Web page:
Holy Cow

By: Judy Levin

Holy Cow/By: David Duchovny

Duchovny, well-known as a television, stage, and screen actor, screenwriter and director, adds fiction writer to his list of credits with this inspired debut novel.  He acknowledges and ultimately thanks both Disney and Pixar for turning down his proposed animated film and “forcing me to write it out like a big boy”.

Holy Cow is a book written for adults that looks and reads like a book for kids and even has illustrations!  Going beyond the thinking, talking, behaving like humans style of George Orwell’s Animal Farm, the common farm animals of this story walk right off the farm, acquire passports, go to the airport, board and even fly a plane and travel to foreign lands.  Why, you might ask, do they venture from their safe, quiet, protected and cared for environment?

Meet Elsie Bovary (yes, she knows her name rings bells) who lives a comfortable life on the farm eating, napping and chatting with her sister cows.   Then one day she ventures close to the farmer’s house where she watches through the window and sees the family entranced by the “Box God”, aka television, watching a program about the meatpacking industry.   What she sees shakes her to the bone, giving her the sudden knowledge of where her mother disappeared to and where she is destined to disappear to one day as well.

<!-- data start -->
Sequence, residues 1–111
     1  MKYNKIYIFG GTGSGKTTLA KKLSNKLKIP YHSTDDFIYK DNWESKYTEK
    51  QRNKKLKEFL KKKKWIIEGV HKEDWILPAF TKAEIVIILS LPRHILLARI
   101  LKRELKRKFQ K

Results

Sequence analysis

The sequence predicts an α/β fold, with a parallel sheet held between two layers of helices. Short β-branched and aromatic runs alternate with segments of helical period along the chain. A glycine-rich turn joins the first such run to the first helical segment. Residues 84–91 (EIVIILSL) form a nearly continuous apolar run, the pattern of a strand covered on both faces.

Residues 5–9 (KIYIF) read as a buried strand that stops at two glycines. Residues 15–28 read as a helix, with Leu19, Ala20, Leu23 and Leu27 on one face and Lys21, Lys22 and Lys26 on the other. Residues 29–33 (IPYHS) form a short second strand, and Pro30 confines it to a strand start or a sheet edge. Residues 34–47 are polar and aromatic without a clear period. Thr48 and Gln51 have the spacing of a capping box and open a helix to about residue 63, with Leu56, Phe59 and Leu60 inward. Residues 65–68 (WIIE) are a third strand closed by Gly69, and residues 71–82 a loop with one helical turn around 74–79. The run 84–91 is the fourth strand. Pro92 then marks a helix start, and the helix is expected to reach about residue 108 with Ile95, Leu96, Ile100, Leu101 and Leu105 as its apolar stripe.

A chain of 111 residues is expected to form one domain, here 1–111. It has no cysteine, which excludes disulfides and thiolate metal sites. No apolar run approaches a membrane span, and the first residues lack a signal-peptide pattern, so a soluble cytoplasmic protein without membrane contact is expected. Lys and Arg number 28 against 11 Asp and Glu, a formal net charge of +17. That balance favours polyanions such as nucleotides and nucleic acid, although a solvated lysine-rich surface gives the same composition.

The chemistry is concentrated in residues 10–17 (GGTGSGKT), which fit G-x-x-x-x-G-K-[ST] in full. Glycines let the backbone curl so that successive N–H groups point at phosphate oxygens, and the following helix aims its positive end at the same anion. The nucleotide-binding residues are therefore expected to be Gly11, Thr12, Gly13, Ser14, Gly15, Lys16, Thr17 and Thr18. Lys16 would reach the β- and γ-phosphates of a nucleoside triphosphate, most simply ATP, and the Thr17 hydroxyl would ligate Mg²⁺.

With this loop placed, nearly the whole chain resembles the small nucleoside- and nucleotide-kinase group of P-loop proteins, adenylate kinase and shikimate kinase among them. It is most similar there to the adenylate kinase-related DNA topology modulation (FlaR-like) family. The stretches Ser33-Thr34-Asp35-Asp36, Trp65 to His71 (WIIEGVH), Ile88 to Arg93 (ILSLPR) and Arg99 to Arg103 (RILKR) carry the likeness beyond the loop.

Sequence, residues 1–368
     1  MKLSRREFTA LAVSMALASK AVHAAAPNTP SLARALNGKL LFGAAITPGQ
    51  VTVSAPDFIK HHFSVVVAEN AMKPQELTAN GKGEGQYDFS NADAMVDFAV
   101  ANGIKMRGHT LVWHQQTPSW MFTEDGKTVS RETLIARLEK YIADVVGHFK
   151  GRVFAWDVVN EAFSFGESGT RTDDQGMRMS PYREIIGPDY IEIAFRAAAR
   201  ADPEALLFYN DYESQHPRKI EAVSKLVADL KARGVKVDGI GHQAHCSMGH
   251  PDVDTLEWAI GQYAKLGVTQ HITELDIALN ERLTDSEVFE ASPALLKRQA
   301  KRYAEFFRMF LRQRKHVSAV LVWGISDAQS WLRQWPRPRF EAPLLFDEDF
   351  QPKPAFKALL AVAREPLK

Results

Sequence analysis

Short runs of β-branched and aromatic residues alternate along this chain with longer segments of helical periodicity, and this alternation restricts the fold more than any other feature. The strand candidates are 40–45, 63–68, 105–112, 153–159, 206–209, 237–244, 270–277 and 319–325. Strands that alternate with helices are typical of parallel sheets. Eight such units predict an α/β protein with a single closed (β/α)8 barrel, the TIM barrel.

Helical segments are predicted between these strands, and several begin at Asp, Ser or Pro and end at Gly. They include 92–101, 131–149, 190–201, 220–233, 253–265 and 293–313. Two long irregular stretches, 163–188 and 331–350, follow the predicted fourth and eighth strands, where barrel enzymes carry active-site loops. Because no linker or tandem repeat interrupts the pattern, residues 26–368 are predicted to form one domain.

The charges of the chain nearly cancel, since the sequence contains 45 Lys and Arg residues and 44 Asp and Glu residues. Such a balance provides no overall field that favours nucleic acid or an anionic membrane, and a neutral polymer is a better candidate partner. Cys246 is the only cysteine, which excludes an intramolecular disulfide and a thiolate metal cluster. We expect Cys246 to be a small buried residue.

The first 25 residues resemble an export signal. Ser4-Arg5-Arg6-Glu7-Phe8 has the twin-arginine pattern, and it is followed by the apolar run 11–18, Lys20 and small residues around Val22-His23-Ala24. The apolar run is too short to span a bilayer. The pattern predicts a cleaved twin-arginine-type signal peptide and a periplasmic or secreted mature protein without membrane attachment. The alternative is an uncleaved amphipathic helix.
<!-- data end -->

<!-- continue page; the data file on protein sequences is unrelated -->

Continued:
Elsie concocts a plan to escape to the one place on earth where she knows she will be safe – where cows are honored and revered – India, of course!  And as these animal adventure stories usually go, our main character picks up a few other comrades along the way.  Escaping with her are Jerry the pig, recently converted to Shalom, whose dream destination is Israel, where although he may be shunned, he will definitely be safe from being slaughtered, and Tom (what did you expect his name to be?) the turkey who sees his moniker country, Turkey, as a safe haven.

The laughs ensue as Duchovny draws on every association, stereotype, old joke and dated reference to songs, advertisements, cultures and religions.  Joe Camel even makes a comeback in this delightful allegory about identity, acceptance, and making peace with oneself and the world. 

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